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BACKGROUND AND METHODS: Prevailing hypotheses about the causes of ovarian carcinogenesis predict that women with a history of multiple births (twins, triplets, etc.) should be at increased risk of epithelial ovarian cancer. However, the scant available evidence suggests that they may actually be at lower risk. To resolve this issue, we pooled data from eight studies involving 2859 parous women with epithelial ovarian cancer (case patients) and 7434 parous women without ovarian cancer (control women). In addition to assessing their history of multiple births (and the sex of the children, where available), we obtained information on age, parity, oral contraceptive use, and other reproductive factors for each woman. Details of tumor histology were available for all case patients. We estimated the relative risks of various histologic types of ovarian cancers associated with multiple births by using multivariable logistic regression analysis, adjusting for matching and confounding variables. RESULTS: Among these parous women, 73 case patients (2. 6%) and 257 control women (3.5%) had a history of multiple births. The adjusted summary odds ratio (OR) for developing all types of epithelial ovarian cancer that are associated with multiple births was 0.81 (95% confidence interval [CI] = 0.61-1.08). We found no evidence that risks associated with multiple births differed among women with borderline or invasive tumors and among women with same-sex and opposite-sex offspring from multiple births. The risk reductions appeared specific for nonmucinous tumors (n = 2453; summary adjusted OR = 0.71 [95% CI = 0.52-0.98]); in contrast, associations with mucinous tumors (n = 406) were heterogeneous across studies. CONCLUSIONS: Parous women with nonmucinous ovarian cancer are no more likely to have a history of multiple births than other parous women, counter to the predictions of current hypotheses for causes of ovarian cancer.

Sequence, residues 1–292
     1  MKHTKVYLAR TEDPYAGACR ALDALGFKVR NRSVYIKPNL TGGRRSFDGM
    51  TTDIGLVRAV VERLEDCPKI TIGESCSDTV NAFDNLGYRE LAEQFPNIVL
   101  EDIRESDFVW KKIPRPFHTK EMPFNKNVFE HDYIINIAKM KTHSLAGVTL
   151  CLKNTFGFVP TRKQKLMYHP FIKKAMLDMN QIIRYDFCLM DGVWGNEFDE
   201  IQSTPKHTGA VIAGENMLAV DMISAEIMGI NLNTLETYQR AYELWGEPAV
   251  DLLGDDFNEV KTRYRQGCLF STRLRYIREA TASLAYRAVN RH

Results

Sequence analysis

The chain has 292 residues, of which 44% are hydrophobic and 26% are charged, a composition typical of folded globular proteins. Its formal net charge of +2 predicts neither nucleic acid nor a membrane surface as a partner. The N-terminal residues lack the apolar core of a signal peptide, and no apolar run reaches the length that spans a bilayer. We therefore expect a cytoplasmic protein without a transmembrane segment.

Journal article


J Natl Cancer Inst

Publication Date





1172 - 1177


Adenocarcinoma, Mucinous, Adult, Aged, Australia, Carcinoma, Case-Control Studies, Female, Humans, Logistic Models, Middle Aged, Multiple Birth Offspring, Odds Ratio, Ontario, Ovarian Neoplasms, Risk, United States